In her final moments onstage as a Saint Paul Chamber Orchestra artistic partner, Moldovan violinist Patricia Kopatchinskaja clutched a bunch of red carnations and wore a WWII gas mask. Yes, she’s leaving sooner than we hoped or expected. But what an exit.
Since her first appearances as artistic partner in 2014, when she played with her parents, both folk musicians, Kopatchinskaja has brought drama, excitement, surprise and sublime musicality to her performances. She usually plays barefoot, her slight form bending and swaying, her feelings written all over her face.
With the SPCO, she played canonical and contemporary music with equal passion and virtuosity. She invented cadenzas. She wore a skeleton costume and stalked the stage. She sang, once while lying on her back. She interrupted Bach with interludes by Kurtag and Schoenberg with Webern. She made audiences laugh during Beethoven and sweetened Mozart with bits of bluegrass.
And sometimes she turned a concert program on its head. Last weekend’s performances were supposed to start with music by Robert and Clara Schumann, continue with Haydn’s “Farewell” Symphony and end with Mendelssohn’s effervescent Concerto in D Minor for Violin, Piano and String Orchestra, sending everyone skipping and smiling into the night.
The Mendelssohn was a playful, virtuosic dialogue. For the concert’s second half, the piano was moved to the far left, with a floor lamp tucked into the curve. A small square table sat at the center front of the stage, draped in black cloth. The scene looked and felt intimate, like a chamber concert in a private home.
Kopatchinskaja addressed the audience, explaining that while the first part of the concert had been about “joy and youthfulness, drinking songs and fireworks,” the second part would be about “love and farewells.” She asked us to think about what “farewell” means today. She quoted David Attenborough, who last week warned world leaders that if we don’t do something about climate change, civilization will collapse. She urged us all to speak out.
Clara Schumann’s Three Romances for Violin and Piano and Robert Schumann’s Theme from “Ghost Variations” for Solo Piano followed. Leschenko played Robert Schumann’s Elegy, adapted by Benjamin Britten, on a piano behind the wooden screen at the back of the stage, with eerie green light shining through the slats. Tender love letters between Robert and Clara were read aloud, and a description of Robert’s tragic mental illness.
Haydn’s “Farewell” had a sense of urgency. The famous ending – in which the musicians exit the stage one by one, until only two violins remain – was supposedly written as a joking hint to Haydn’s employer, Prince Nikolaus Esterházy, that his overworked musicians needed a break. That’s not what it meant here. As the SPCO musicians slowly walked off the stage, turning off the lights on their music stands, they laid or tossed red carnations on the black-draped table and floor at the front.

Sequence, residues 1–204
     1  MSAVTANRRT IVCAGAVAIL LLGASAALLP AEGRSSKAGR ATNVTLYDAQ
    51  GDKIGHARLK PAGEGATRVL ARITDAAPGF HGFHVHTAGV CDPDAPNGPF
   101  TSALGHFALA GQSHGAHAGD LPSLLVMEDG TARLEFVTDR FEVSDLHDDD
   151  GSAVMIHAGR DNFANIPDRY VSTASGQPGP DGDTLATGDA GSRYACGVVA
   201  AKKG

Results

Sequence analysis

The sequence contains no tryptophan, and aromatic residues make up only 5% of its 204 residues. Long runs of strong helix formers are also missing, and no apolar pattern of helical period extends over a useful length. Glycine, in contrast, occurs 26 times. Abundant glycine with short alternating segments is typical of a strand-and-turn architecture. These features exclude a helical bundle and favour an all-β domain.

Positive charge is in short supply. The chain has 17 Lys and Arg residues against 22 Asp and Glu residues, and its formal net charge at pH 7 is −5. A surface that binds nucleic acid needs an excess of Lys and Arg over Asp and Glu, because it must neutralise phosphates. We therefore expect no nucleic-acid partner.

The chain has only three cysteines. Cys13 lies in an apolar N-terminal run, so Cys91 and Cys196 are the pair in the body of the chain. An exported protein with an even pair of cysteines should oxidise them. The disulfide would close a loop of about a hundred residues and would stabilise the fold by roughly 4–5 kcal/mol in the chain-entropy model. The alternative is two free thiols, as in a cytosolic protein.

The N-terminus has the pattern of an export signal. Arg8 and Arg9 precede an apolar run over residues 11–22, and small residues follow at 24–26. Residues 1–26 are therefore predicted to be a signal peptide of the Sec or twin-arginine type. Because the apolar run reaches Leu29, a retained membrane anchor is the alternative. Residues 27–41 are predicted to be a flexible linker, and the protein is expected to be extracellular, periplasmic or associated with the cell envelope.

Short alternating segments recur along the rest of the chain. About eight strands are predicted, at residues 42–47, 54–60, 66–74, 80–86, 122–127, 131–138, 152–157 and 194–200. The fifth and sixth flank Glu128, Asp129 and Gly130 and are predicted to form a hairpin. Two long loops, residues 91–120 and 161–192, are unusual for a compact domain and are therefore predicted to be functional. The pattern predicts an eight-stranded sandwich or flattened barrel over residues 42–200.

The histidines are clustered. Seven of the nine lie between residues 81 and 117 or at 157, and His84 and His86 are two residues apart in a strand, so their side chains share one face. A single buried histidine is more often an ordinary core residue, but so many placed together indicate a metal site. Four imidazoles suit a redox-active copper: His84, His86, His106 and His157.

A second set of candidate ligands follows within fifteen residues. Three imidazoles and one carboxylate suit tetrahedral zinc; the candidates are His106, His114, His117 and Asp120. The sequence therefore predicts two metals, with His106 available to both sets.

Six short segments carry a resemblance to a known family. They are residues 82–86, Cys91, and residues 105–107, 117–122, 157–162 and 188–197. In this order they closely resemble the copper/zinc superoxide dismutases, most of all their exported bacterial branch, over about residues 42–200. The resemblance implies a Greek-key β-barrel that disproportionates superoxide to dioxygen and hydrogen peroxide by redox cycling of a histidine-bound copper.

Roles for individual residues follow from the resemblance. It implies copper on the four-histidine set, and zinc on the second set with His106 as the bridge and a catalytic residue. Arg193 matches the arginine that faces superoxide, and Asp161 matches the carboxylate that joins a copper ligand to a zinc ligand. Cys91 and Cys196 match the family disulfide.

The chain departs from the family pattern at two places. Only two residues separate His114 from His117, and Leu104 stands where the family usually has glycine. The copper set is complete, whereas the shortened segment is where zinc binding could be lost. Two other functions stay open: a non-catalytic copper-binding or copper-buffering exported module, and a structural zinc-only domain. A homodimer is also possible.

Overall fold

When the only light left on was Kopatchinskaja’s, she bent down, reached under the table, rose and put on a gas mask. Then she gathered an armful of carnations and stood silently as the lights came on and the musicians returned to the stage for the curtain call.
This was also Kopatchinskaya’s farewell to the SPCO and the musicians she had worked with for four years. No reason was given for her shorter-than-usual term as artistic partner; most others stay around at least five years. We were told she’ll be back.
Randy Reyes is out at Theater Mu
If you haven’t heard, the big Twin Cities theater news late last week was the termination of Randy Reyes as artistic director of Theater Mu by the theater’s board.
On Thursday afternoon, this letter appeared on the Theater Mu website:
Dear Theater Mu Community,
From its inception, Theater Mu has been dedicated to producing performances born of arts, equity, and justice from the heart of the Asian American experience. We aspire to celebrate and empower Asian Americans through theater. In doing so, Theater Mu is committed to maintaining a welcoming and equitable environment.
A few months ago, Theater Mu received complaints about its artistic director. While our investigation into the matter did not find that any unlawful conduct occurred, we discovered conduct that did not reflect the culture we strive to achieve at Mu and did not reflect the high standards to which we hold Mu leadership. After reflection, the board has concluded that Mu must end his employment with the organization. We are grateful for all that he has brought to Mu over the years, and are disappointed that it has come to this conclusion.
Theater Mu remains, more than ever, dedicated to its mission, to the Asian American actor’s community, and to the Asian American community in the Twin Cities. Though this is a difficult and disappointing time, we believe that Theater Mu has the ability to learn, grow, and change from this experience. We hope to have the opportunity to demonstrate this over the next few months.
Theater Mu Board of Directors
Board chair Reggie Reyes (no relation to Randy Reyes) told the Star Tribune, “We looked at our policies in the era of #MeToo to make sure we have the language to protect the people we work with and that work for us. We would hope that every organization would make sure they have robust policies.”
Managing director Shannon Fitzgerald said, “Moving forward, our season is still in place. Randy will not direct the shows. All the productions will move forward with new directors in place.”
Both Reggie Reyes and Fitzgerald declined to discuss the complaints against Randy Reyes, and Randy Reyes isn’t talking to the press.
Randy Reyes, who has acted in and directed many Twin Cities shows, was appointed artistic director of Theater Mu by founder Rick Shiomi in 2013.